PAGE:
Congressional Opponents of Consumer Financial Protection Bill Got Big Money from Wall Street Interests

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Big Finance seems to have friends on the House Financial Services Committee.

On Thursday, the House Financial Services Committee approved H.R. 3126, which would create a new executive branch agency to oversee consumer financial protections and is known as the Consumer Financial Protection Agency Act.


Opponents of the legislative proposal received an average of 20 percent more in contributions from financial interests over the past two-and-a-half years than the bill’s supporters, a Center for Responsive Politics review has found.

The Center found that $527,500 is the average amount a committee member who voted “no” received from these financial groups’ PACs and employees. The average amount a member who voted “yes” received was $438,900.

All but two Democrats — Rep. Travis Childers (D-Miss.) and Rep. Walter Minnick (D-Idaho) — voted in favor of the measure, while all but one Republican voted against it.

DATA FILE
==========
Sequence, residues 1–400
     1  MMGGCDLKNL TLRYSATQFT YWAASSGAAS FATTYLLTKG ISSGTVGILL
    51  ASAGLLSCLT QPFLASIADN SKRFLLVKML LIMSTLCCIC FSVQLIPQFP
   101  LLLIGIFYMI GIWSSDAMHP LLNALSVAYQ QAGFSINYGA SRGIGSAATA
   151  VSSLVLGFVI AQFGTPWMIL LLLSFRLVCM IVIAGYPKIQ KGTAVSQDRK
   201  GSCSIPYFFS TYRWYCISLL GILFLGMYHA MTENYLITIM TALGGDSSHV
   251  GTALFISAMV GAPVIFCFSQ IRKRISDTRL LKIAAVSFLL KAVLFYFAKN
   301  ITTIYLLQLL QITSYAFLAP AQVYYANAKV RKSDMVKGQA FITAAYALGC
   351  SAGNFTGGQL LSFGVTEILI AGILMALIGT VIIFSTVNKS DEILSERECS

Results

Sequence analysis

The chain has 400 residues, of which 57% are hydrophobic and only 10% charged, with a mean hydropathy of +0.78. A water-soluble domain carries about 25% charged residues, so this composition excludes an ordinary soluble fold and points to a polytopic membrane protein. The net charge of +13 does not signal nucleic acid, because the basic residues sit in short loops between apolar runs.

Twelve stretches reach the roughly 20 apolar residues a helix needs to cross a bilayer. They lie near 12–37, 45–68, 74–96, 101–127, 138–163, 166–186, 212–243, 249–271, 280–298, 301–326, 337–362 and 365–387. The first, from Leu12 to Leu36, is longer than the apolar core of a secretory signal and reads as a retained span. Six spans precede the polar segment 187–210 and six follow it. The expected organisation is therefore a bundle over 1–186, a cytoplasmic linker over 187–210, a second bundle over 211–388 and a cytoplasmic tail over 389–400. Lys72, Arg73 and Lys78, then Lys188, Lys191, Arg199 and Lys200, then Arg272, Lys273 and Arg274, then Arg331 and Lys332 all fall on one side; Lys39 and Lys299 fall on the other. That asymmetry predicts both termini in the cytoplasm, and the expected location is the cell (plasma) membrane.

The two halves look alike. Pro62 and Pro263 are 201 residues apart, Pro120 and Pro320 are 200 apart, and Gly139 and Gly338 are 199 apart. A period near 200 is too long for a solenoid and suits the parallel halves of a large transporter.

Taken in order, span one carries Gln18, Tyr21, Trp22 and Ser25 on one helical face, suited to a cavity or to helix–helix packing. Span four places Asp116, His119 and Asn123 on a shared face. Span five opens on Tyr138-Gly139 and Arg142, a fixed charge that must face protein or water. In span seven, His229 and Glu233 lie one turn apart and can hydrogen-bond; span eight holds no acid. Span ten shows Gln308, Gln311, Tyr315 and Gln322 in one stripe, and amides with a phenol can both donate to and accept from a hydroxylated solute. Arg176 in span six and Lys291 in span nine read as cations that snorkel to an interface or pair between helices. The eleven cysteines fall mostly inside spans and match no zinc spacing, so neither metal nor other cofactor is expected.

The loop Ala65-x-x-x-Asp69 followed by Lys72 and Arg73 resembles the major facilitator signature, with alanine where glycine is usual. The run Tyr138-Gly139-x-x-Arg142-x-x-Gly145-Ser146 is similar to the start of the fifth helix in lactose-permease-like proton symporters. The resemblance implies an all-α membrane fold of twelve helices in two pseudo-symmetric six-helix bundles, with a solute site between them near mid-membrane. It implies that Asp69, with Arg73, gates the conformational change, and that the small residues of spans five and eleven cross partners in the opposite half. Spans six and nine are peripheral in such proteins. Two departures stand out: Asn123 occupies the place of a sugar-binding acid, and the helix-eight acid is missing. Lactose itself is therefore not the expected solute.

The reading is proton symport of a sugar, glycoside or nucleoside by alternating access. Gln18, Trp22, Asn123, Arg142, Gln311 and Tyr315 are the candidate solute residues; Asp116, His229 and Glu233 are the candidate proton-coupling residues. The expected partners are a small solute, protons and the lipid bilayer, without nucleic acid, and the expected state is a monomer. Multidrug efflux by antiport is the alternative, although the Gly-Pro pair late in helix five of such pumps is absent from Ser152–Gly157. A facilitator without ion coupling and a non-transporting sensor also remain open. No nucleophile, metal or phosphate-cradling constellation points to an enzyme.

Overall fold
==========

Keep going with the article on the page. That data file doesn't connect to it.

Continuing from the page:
Rep. Michael Castle (R-Del.), who is running for the U.S. Senate seat formerly held by Vice President Joe Biden, was the sole Republican to support the bill.

Rep. Barney Frank (D-Mass.), the committee’s chairman, is the bill’s lead sponsor. The final roll call was 39-29. Committee members Reps. Ruben Hinojosa (D-Texas), Melissa Bean (D-Ill.) and Gresham Barrett (R-S.C.) were absent and did not vote.

Between January 2007 and June 30, committee members who supported the bill collected $17 million from the finance, insurance and real estate sector. This includes contributions to lawmakers’ campaign committees as well as leadership PACs.

By contrast, lawmakers who opposed the bill raised $15 million from the finance, insurance and real estate sector during this two-and-a-half year period.

For the full chart, see